Putting the People in Policy
One perk of the AAAS Science & Technology Policy Fellowship is the opportunity to learn about other fellows’ various scientific backgrounds and expertise. During the fellowship, fellows have the opportunity to start and/or join affinity groups which function as a place to meet and discuss issues in particular areas of science and policy. Even within these affinity groups we have a variety of scientific backgrounds. For example, in the Social Science Affinity Group, we have representatives from anthropology, economics, history, sociology, psychology, meteorology, neuroscience, and more. Although the members of this group hail from diverse disciplines, there is one common thread that links us together -- an eye toward the human nature of policy and policymaking. Our shared perspective also allows us to share our concerns about the debates and arguments that question the value of social science research inside and outside of the policy world.
Many policies involve regulating human behavior and decisions. Issues like smoking, disease prevention, energy consumption, and recovery from natural disasters all involve policies that influence people’s actions. Making policy without understanding how individuals and organizations think and behave is like trying to combat childhood obesity by getting people to hand out fruit instead of candy on Halloween, an action that shows little understanding of the problem it is trying to address. Policies won't work without incorporating insights from the social sciences.
Policies and programs often promote a certain behavior or choices by offering monetary incentives with the assumption that people respond to monetary gains and loss. This, however, does not always work. For instances, retirement saving programs that literally put money in people’s pocket (e.g., employer matching programs) do little to help people save money when the enrollment process is time consuming . Another example can be found in how a community tried to address attic energy loss. It was found that providing a nearly full government subsidy for insulating attics to improve energy efficiency was not as effective as offering a combined service that included attic cleaning and donation of unwanted goods - even at a higher end-cost to the consumer . Simply giving people the right information is often just as ineffective at stopping them from engaging in behavior that hurts them. This is most evident in the case of the education campaign around quitting cigarette smoking.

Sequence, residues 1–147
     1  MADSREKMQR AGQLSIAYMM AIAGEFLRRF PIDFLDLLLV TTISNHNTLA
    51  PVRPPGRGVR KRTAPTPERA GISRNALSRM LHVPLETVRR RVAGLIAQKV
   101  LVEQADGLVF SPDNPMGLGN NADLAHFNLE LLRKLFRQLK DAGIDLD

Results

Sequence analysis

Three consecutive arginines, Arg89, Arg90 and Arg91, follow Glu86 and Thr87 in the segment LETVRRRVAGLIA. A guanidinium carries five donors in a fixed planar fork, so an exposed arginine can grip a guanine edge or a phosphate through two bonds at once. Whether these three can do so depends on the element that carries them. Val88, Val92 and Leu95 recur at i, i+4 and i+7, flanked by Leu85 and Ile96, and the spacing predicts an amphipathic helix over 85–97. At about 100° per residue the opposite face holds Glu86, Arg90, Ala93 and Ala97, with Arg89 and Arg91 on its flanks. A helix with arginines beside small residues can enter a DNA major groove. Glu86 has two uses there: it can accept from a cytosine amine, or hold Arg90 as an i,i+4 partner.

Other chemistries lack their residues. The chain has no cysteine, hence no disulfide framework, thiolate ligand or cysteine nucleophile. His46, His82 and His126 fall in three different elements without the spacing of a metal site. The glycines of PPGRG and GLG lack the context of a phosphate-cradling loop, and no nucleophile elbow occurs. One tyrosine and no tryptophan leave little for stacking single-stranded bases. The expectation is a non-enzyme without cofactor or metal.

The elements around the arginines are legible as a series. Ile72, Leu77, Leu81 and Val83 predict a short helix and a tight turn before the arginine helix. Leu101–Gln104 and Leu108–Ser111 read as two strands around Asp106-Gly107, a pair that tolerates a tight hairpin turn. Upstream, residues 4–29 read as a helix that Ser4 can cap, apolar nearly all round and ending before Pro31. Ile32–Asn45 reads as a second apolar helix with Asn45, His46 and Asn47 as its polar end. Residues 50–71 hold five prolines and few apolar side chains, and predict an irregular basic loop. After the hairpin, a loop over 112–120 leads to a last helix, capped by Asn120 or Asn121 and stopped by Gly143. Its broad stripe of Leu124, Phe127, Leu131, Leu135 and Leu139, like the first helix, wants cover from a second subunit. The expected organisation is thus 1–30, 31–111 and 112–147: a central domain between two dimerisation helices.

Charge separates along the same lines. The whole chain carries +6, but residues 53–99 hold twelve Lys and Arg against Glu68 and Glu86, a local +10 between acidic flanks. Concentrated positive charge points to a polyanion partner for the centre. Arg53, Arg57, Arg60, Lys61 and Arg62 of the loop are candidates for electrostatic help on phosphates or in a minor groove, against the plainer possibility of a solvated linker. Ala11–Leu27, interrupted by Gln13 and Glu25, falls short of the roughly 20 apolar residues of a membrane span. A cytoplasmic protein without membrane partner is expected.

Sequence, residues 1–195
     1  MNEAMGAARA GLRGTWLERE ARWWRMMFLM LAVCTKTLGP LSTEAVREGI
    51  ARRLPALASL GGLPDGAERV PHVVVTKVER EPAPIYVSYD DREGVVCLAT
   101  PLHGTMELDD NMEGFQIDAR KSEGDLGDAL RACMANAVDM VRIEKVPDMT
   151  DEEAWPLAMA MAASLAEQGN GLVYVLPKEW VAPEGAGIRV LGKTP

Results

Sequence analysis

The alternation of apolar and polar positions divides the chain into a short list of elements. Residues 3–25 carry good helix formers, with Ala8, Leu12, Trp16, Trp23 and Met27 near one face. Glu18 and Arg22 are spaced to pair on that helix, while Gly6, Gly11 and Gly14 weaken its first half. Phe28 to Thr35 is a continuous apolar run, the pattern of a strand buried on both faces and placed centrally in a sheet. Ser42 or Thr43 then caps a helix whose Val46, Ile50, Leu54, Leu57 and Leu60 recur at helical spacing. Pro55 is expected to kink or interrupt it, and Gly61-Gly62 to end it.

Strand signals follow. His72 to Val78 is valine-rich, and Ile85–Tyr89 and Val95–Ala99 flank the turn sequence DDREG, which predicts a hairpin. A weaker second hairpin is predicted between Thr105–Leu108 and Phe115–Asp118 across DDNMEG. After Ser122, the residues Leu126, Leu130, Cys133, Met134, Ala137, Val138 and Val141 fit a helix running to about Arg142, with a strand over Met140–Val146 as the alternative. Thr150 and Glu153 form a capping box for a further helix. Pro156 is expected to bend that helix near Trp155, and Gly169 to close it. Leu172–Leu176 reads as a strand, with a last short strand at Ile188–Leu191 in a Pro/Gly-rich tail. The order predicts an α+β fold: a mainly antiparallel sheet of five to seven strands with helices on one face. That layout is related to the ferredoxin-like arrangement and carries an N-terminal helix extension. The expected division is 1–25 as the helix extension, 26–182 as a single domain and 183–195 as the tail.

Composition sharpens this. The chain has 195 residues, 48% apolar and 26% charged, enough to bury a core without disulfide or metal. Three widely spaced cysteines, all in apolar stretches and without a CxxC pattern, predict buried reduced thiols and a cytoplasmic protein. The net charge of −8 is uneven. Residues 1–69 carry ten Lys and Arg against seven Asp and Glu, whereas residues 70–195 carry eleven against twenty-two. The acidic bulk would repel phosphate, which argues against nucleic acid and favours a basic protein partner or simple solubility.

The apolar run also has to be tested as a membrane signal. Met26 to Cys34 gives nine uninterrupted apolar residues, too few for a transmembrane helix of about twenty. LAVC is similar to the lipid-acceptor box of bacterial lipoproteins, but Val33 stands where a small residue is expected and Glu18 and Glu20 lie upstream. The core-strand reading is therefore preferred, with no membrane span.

Using rigorous scientific methods, social scientists have developed innovative tools to study factors that drive human decision and behavior (e.g., motivations, attitudes, sociological dynamics, and historical contexts), and they can provide evidence-based solutions to pressing policy issues. The effectiveness of policy can be greatly improved when social sciences and other disciplines work together and move beyond the futile distinction between “hard” and “soft” sciences. Take adaptation to climate change for example. Creating a climate-resilient community is not only about improved forecasting of storms and engineering buildings and roads that are more resilient to climate effects. It is also about understanding how people’s perception of risk influence their decisions before, during and after emergencies, such as whether to stay in a locale or how to rebuild the community.
The AAAS Science & Technology Policy Fellowship is a unique opportunity to gain skills and cultivate these kinds of interdisciplinary approaches. The Social Science Affinity Group is committed to facilitating such efforts. For example, we host a regular “Ask a Social Scientist” happy hour where fellows with or without social science background can seek social science perspectives on a problem or issue on which they are working. We will continue this tradition in the coming year and organize other activities to help cultivate and sustain an interdisciplinary culture. We also want to expand our network and outreach beyond the fellowship.
Come join us!
1. Thaler, R. H. & Sunstein, C. R. (2009). Nudge: Improving decisions about health, wealth and happiness. New York, USA: Penguin.
2. U.K. Cabinet Office Behavioral Insight Team (2011). Behavioral changes and energy use. https://www.gov.uk/government/uploads/system/uploads/attachment_data/fil...
This blog does not necessarily reflect the views of AAAS, its Council, Board of Directors, officers, or members. AAAS is not responsible for the accuracy of this material. AAAS has made this material available as a public service, but this does not constitute endorsement by the association.